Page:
Those of us in sales know that a lot goes into getting a meeting. Prospects are busier than ever these days, especially at the executive level. Executives take fewer calls with sales people than they used to.
If you do get a meeting with an executive, congratulations. You’ve done something right, your message resonated, you’ve uncovered a need, or you were just so persistent they decided you wouldn’t go away unless they finally took the meeting! Regardless of the reason, you don’t want to waste all that time and energy, which is why it’s crucial that your sales calls are actually effective.
It’s hard to hear, but the truth is, most sales calls today suck. Most executives don’t take sales meetings because they don’t see them as effective and they don’t get any value out of them.
To support this, Forrester Group posted some findings from a research study that tells the story of why. Their research shows that only 15% of executives find meetings with salespeople to be valuable. Only 6% felt that the salespeople were actually trying to help deliver results by trying to identify problems and challenges, then finding solutions.
To combat this problem of sales meetings that suck, we offer three keys to successful first meetings:
- Preparing in advance is key. No matter the size or scope of a sales meeting, preparing is paramount to success. Are you and your team clear on the objective for the sales meeting? Have you conveyed the objective to the client, or are you just assuming they know the meeting objective? Believe it or not, many sales people do not have clear objectives for sales calls, and preparation is hurriedly done right before the phone call or on the way into the meeting. We also often see that sales people don’t have a strategy in place for achieving the objective for the meeting or success for the sales call. While you cannot predict every situation that will arise in a sales call, you can be prepared to address typical challenges clients face. Preparing insightful questions based on what you learned during research or that are aligned with typical challenges specific to their role allows you to uncover the information needed to better align your solutions.
- Focus on the customer. If your communication with the customer is all about you, your products, and your demo, it’s obvious that you are simply there to get a deal as quickly as possible. Too often sellers jump right into their generic value proposition or scripted demo. It is critical that you communicate your desire to understand their priorities and challenges first. We call this being others-centered. The customer needs to feel that you care about what is most important to them, the challenges they have and how they are trying to solve them. Don’t talk about your products and services until you understand what they need to solve. And then, speak to how your products solve those specific issues.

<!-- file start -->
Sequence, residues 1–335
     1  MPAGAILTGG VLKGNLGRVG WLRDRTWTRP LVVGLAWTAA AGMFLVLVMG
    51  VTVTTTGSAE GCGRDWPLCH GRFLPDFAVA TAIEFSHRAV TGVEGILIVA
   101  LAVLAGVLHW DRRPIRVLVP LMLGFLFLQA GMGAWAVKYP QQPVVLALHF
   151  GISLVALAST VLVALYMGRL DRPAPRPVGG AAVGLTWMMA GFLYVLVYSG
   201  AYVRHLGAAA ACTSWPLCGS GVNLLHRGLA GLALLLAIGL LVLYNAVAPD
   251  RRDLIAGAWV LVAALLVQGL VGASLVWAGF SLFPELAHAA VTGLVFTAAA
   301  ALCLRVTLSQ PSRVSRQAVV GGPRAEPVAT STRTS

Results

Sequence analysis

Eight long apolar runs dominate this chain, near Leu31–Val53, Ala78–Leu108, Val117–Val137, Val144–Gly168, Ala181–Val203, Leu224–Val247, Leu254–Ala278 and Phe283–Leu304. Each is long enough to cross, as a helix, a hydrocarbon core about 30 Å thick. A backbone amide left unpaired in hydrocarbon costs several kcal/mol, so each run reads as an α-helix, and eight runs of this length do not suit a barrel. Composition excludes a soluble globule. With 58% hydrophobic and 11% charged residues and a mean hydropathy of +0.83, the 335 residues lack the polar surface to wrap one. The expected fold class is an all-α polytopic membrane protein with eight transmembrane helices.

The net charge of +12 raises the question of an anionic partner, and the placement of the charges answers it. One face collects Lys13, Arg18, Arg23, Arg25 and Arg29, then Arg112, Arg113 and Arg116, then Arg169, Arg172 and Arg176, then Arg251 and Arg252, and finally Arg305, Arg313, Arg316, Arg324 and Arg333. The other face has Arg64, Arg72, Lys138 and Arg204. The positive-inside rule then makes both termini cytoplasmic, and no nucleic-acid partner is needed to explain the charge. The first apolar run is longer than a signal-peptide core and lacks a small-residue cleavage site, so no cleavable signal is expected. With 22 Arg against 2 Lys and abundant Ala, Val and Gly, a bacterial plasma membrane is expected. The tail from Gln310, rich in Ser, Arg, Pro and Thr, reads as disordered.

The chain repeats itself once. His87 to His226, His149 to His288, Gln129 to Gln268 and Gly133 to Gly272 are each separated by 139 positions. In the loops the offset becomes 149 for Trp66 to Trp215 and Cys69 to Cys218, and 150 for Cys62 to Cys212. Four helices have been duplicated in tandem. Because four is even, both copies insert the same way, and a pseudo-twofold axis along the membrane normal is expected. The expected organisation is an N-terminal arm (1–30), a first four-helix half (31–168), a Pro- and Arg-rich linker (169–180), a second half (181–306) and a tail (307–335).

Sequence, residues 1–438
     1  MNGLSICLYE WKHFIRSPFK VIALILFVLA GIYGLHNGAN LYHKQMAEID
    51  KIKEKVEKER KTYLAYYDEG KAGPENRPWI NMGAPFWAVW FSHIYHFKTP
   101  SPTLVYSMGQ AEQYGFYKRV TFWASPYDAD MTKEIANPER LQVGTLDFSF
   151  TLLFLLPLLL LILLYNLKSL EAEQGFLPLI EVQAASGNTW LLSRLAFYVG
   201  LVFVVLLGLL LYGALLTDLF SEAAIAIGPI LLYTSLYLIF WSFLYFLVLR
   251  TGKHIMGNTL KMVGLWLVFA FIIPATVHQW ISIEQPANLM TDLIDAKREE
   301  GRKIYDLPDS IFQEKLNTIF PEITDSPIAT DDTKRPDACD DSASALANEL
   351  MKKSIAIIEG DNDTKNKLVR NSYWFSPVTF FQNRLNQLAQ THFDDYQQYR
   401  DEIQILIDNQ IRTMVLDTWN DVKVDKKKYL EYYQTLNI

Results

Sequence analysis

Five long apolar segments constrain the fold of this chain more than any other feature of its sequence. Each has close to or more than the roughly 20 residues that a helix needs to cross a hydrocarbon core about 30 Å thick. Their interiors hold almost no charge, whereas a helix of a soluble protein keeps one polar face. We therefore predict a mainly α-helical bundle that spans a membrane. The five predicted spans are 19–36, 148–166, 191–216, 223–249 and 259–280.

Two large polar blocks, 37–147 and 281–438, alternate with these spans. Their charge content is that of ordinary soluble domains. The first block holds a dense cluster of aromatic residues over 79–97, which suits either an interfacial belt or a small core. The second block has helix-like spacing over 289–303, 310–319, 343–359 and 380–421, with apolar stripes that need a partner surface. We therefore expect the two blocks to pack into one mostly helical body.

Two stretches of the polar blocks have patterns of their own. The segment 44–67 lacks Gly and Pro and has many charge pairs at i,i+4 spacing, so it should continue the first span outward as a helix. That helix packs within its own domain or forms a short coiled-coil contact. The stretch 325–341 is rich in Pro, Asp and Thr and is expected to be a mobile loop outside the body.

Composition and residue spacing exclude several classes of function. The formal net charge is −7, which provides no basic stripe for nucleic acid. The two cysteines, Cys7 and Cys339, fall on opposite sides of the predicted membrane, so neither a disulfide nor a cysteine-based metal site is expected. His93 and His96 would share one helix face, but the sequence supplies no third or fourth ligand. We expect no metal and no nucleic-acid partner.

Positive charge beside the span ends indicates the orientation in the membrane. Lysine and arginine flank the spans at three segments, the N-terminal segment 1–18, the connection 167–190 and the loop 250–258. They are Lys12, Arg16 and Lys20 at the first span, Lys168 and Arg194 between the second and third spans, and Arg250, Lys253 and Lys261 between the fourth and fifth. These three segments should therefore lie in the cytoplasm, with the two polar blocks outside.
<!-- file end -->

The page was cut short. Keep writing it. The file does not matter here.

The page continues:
- Demonstrate that you’re listening. We spend a lot of time working with our clients on active listening. Just like getting better at delivering your demo, active listening is a skill that can be developed. As a general rule, you should spend more time asking and listening than speaking. Active listening is one of the best ways to build rapport with your clients. They need to know that you are interested in them and that you hear them. If they do not feel that you are listening and understanding what they are saying, then the quality of information you receive from them will quickly decrease. A great approach to demonstrate that you’re actively listening is to clarify and summarize by saying, “Let me make sure I understand what you’re saying…..” and then ask a follow-up question. This is a great way to confirm that you heard them and also a way to clarify or gain more understanding by asking another related question. While this sounds very simple, it’s easy to get too focused on your message rather than focusing on the client, what they saying and how they are saying it.
Kodiak Group is a sales effectiveness company that develops sales transformation programs and playbooks that drive results. Let us know if you have comments on this post or if you’d like to chat.